The Arab Spring has accentuated the descents of the Arab uprising and its implications. Yet, a quasi-absent role of the Arab mainstream media coverage has been missing since the new media took most (if not all) of the attention on the roles of social media and communication information technologies during the uprisings. The pivotal function of Arab mainstream media in coalescing popular aspirations must be considered in terms of understanding Arab politics. Nonetheless, there is a somewhat unattended scene on how Arab mainstream media reflects on the political positions of the rebellions and how the contradictions, double standards, and hypocrisy work during the mass revolts. The Arab media have introduced a new theme of Arab politics when state media categorized its enemy, its friend, and its sectarian political dilemma, and became a counterrevolution to one state and a pro-revolution to another state depending on the political interests. Hence, politics in the Arab media are not solely embodied by political power, political regimes, and political authority, but through new landscapes that are changing the socio-political environment of the Arab world. The Arab Spring has introduced a new perception in understanding politics in the Arab world, through the Arab media. When media became a political tongue of the state, its mission was only to reflect the state’s political position toward the Arab revolutions. Understanding Arab politics and certain Arab countries’ positions is achieved through media ideologies and media tendencies. For instance, Saudi media support the revolution in Syria by claiming the victory of the Free Syrian Army. That supportive position reflects the Saudi political position regarding the revolution in Syria, while that was not the case with regard to the coverage of the Bahraini uprisings. In other words, the state doesn’t need to make any declaration about its opinion or tendency toward an uprising, as the state media are presenting that.
The political position of any Arab state toward the Arab uprisings will be seen and understood through the state’s media, even in a large-scale channel network like Aljazeera. Through the mainstream media, one should understand Arab politics and political reflections toward the rebellions movements. The Arab media coverage of the uprisings reflects the state’s position rather than an integral position and independence from the state. However, this media reflection of state politics is not exceptional in the Arab media. Since the revolution started in Tunisia, Aljazeera, in particular, has played a significant role in determining the political position of the new Tunisia. Even some scholars and other observers have noticed that Aljazeera played significant roles during the Egyptian and Tunisian revolutions; its coverage toward Bahraini uprisings, however, was somewhat restrained, as is the case regarding the other Gulf countries, which include Saudi Arabia, Oman, United Arab Emirates, Kuwait, and Qatar. That exercise of restraint resulted in biased, imbalanced news that lacked objectivity. Aljazeera, as a leading channel network in the Arab world, played a significant role in covering Tunisian, Egyptian, Libyan, and Yemeni revolutions; this outstanding coverage of the Arab revolutions has shifted in the case of Bahraini revolution. However, this is not only applicable to Aljazeera, as it applied to most media in the region. Aljazeera and other media Gulf outlets, such as Alarabiya, have played the same roles as Aljazeera did toward the uprisings in Bahrain. However, the political ideology of both Saudi Arabia and Qatar has only served to connect the two in the case of Bahrain and Syria, as well as Iran, which was certainly not the case in the past. One intellectual figure has concluded that Aljazeera and Alarabiya’s coverage in Syria is reflective of the political position toward the crisis in Syria, as the state is using its propaganda to establish its political interests and its political ideology. However, before the revolutions, Aljazeera’s political position was with the reluctant states that included Syria and Iran and other resistance organizations like Hamas and Hezbollah, but that position changed after the Bahrain uprisings. Yet, the overall visions toward Hamas and Muslim Brotherhoods did not change.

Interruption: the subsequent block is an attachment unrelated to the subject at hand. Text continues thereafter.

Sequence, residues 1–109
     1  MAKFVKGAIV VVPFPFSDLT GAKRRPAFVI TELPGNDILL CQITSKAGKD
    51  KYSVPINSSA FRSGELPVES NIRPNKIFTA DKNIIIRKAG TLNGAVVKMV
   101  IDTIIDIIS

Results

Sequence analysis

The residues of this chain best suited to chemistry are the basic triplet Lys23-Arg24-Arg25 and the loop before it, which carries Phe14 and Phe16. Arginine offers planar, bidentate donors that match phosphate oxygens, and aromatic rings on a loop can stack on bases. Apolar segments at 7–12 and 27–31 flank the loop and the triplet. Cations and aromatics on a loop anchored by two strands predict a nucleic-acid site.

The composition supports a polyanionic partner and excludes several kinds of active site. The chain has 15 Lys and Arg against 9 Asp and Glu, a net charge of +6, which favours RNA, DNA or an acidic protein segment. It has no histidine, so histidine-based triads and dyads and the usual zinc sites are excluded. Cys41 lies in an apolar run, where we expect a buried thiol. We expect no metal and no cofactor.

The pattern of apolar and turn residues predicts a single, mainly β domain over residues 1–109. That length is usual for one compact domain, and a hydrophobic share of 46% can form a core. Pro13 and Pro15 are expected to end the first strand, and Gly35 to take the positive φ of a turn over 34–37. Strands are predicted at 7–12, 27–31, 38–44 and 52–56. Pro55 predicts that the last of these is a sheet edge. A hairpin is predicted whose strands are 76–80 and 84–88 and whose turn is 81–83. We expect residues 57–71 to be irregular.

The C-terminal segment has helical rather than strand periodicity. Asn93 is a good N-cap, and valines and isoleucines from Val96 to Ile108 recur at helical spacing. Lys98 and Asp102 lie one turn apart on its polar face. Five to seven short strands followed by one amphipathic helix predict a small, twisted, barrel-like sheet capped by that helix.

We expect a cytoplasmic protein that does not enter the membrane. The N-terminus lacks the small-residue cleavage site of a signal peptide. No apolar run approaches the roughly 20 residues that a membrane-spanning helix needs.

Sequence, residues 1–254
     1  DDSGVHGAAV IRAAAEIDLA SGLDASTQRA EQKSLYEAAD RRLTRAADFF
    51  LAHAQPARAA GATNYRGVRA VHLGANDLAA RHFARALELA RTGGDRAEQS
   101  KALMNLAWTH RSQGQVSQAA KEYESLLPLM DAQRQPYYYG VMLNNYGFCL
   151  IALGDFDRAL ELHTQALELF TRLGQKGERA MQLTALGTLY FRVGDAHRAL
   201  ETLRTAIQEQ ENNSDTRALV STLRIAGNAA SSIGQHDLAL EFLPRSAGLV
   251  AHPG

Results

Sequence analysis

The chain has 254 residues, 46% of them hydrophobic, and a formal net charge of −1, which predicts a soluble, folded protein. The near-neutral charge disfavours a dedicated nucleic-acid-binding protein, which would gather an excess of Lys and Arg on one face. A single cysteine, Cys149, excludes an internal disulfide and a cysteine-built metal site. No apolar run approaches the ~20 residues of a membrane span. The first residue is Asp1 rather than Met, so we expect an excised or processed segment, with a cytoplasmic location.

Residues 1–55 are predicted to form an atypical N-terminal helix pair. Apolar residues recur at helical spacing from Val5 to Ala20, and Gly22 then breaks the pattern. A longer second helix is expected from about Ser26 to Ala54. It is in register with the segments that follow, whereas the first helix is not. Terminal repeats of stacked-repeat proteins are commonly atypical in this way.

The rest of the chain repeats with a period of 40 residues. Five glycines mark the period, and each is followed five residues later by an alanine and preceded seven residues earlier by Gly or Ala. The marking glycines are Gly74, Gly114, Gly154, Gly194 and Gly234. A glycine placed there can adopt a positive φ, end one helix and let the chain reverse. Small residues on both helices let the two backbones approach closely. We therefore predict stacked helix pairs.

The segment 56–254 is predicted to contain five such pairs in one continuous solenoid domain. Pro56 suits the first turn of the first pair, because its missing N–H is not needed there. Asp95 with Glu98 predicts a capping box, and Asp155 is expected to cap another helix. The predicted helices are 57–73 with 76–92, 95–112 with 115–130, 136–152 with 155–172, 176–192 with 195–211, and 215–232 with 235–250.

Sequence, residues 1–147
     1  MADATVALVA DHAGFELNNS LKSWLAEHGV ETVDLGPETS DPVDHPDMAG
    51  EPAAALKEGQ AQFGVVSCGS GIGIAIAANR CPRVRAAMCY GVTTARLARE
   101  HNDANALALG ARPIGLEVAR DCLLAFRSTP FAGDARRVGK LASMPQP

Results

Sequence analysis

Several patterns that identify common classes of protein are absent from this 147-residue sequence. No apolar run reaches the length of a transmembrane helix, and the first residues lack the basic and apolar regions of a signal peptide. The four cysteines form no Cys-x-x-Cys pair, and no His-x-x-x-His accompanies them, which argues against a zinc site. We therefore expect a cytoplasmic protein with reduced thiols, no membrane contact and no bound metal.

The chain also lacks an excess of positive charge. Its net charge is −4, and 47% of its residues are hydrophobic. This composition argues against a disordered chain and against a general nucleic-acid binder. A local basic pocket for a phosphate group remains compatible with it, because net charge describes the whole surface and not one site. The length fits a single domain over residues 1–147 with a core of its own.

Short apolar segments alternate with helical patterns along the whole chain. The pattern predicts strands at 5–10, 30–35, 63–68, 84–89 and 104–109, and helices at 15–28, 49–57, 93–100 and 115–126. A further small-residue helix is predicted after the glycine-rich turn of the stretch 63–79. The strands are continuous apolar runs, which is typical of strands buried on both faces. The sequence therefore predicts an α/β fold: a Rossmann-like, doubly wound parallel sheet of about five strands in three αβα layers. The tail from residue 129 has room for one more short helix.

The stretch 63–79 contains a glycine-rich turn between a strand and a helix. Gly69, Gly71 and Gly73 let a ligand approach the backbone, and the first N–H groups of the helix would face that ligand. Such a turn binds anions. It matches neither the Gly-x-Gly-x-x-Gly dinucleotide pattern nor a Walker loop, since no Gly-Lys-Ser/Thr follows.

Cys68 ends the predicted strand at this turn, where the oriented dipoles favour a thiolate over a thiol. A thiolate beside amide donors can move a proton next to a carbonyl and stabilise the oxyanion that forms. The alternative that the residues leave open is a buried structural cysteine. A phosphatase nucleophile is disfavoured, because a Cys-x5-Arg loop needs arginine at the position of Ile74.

Politically speaking, there could be a mutual agreement between Qatar-Aljazeera and Saudi Arabia-Alarabiya, two prominent channel networks, in the cases of Syria and Bahrain. However, ideologically, Aljazeera was supportive to Muslim Brotherhood and Islamist Egyptian candidates, while Alarabiya continues to support the old regime. During the presidential election in Egypt, for instance, Aljazeera was looking at the Egyptian presidential candidate Abdel Moneim Abul Fettouh as a favorable candidate, then to Mohammad Morsi, the Muslim Brotherhoods candidate. Meanwhile, Alarabiya focused more on Ahmad Shafeeq and Amr Musa. How the networks view these candidates is a reflection of the political ideology that exists within Saudi Arabia and Qatar.